The “national democratic programme” of political alliance with bourgeois-nationalist forces has never laid the basis for socialism; it has always subordinated the working class to the class enemy and laid the basis for reaction. This is the lesson to be learned from long history of bloody defeats for the working class. From the slaughter of tens of thousands of communists and workers in Shanghai in 1927 at the hands of former “ally” Chiang Kai-shek, to the Marikana massacre in 2012—the “second stage” is always the bourgeois nationalists turning on and slaughtering workers and communists once they have used them to climb to power.
South Africa today is living proof that national liberation and the other gains that were promised to the masses by the “national democratic revolution” cannot be achieved within a capitalist framework. They can only be achieved through the dictatorship of the proletariat, which will inescapably place on the order of the day not only democratic but also socialist tasks, and will at the same time provide a mighty impulse to the international socialist revolution. To prevail against imperialist hostility and open the way for an all-sided economic and social development in Southern Africa and the rest of the continent, requires the extension of the revolution to the imperialist centres and establishment of an international, planned socialist economy. This is the essence of Leon Trotsky’s perspective of permanent revolution, which was powerfully confirmed by the 1917 Russian October Revolution.
The SACP leaders are rightly reviled by many militant workers today—including members of the SACP itself—for their craven support to the ANC tops and Zuma in particular. But it is not enough to simply reject the SACP tops’ current policies. It is crucial for advanced workers to also learn to consciously reject the SACP’s reformist programme (including what is today peddled by Irvin Jim and the NUMSA bureaucracy) in favour of the genuine communism practiced by the Bolshevik Party under the leadership of Lenin and Trotsky—the revolutionary internationalist programme that was trampled under-foot by the Stalinists and replaced by its opposite. Conditions in South Africa today are crying out for the formation of a party of the Bolshevik type—an uncompromising party based on the independence of the working class from the bourgeoisie, fighting for proletarian leadership of the toiling masses, and acting as a revolutionary tribune of the people to oppose every manifestation of capitalist oppression.
This is the kind of party that Spartacist/South Africa is trying to build. We have consistently opposed, on principle, any political support to the ANC or any other bourgeois parties and from the beginning denounced the post-1994 neo-apartheid system, administered by the Tripartite Alliance government, as a betrayal of the struggle for black freedom. Today, it is necessary to assimilate the lessons of these bitter betrayals as a necessary part of the work of building the revolutionary vanguard party needed to get rid of this racist system of capitalist exploitation. Toward that end, we raise the following:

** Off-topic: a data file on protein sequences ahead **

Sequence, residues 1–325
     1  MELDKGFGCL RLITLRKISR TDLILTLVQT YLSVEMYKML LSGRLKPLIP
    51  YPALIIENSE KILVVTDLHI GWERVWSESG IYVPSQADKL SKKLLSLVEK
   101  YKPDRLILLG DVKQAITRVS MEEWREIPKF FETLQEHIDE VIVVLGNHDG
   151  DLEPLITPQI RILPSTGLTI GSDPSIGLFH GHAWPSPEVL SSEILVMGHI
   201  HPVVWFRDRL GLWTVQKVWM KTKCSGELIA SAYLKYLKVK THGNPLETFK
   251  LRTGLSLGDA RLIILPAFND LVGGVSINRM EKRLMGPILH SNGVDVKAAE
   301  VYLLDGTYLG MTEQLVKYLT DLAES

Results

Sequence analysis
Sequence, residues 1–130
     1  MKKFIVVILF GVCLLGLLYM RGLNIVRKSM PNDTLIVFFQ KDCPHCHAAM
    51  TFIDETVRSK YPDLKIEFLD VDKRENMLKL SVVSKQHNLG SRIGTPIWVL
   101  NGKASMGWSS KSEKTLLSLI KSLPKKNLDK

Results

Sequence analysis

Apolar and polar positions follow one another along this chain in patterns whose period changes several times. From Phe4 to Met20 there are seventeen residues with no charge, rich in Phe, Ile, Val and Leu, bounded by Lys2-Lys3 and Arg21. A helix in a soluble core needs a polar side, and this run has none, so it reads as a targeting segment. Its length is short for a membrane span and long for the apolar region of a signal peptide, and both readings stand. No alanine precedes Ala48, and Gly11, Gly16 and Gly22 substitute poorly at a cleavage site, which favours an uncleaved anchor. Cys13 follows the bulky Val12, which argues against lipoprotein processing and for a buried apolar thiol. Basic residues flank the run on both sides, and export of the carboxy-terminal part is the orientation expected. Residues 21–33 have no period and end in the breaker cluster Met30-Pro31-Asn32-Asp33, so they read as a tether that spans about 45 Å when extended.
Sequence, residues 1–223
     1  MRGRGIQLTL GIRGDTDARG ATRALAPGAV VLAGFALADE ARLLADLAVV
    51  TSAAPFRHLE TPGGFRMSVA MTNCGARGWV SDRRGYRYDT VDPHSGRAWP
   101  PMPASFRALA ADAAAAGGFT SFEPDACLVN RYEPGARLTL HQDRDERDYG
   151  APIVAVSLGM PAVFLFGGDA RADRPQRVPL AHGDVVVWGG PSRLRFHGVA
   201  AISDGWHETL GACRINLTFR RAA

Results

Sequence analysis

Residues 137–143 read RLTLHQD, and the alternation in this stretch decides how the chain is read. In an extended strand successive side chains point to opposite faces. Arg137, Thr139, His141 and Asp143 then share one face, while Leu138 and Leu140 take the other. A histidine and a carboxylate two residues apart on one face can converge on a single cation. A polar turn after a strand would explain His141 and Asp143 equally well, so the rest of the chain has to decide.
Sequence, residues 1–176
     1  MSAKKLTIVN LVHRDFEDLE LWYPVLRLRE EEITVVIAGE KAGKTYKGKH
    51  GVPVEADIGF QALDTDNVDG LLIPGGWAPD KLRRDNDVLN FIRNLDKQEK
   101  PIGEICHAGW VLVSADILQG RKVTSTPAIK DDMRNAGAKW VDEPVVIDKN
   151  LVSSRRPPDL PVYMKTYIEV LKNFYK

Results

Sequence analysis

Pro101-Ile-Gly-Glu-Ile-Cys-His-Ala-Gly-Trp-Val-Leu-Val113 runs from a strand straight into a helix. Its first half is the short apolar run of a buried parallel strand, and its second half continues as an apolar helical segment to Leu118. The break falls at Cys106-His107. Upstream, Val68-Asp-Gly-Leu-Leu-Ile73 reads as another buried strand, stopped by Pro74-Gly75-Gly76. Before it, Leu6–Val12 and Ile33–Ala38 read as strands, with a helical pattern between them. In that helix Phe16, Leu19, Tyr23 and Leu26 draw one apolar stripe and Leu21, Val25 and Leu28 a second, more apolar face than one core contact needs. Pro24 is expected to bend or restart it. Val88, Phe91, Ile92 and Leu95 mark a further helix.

1. Break with the bourgeois Tripartite Alliance! For political independence of the proletariat from all bourgeois parties—ANC, EFF, PAC, AZAPO, DA, Agang, etc.
2. No reliance on the state that massacred the Marikana strikers. Cops and security guards out of the unions! The capitalist courts have no place in disputes of the workers movement. Labour must clean its own house!
3. Down with labour brokers! The unions must fight for full, permanent jobs for all contract and temporary workers and for equal pay for equal work. Organise the unorganised!
4. For integrated, multi-ethnic defence guards based on the trade unions to fight against anti-immigrant attacks and defend working-class communities against vigilantism. Labour must fight for full citizenship rights for all immigrants and oppose deportations.
5. Down with the Traditional Courts Bill and all special powers and privileges of the chieftancy! These are particularly oppressive to black women, who are triply oppressed under neo-apartheid. For access to free, safe abortion and birth control on demand, as part of free, high-quality health care for all. Oppose oppressive, backward traditional practices like polygamy, lobola and ukuthwala.
6. For a massive public works programme, at union wages and conditions, to maintain and expand roads, build hospitals, schools, housing, etc. For free, quality health care for all! For free education, open admissions, and a state-paid living stipend through to the university level! Smash “e-tolls”—for free, safe, mass public transport!
7. For a 30-hour workweek with no loss in pay to distribute the available jobs among all who need work and combat unemployment at the expense of the capitalists. For massive wage increases to close the apartheid wage gap, and a sliding scale of wages to keep pace with the skyrocketing costs of living. For a class-struggle leadership in the unions!
8. New October Revolutions—not the Freedom Charter—are the only way forward to national liberation of the black majority. For a black-centred workers government, part of a socialist federation of Southern Africa, that fights for international workers rule and an international planned socialist economy. Expropriate the bourgeoisie—from Jo’burg, to London, to Wall Street!
9. Forge a Leninist-Trotskyist vanguard party as a section of a reforged Fourth International, world party of socialist revolution.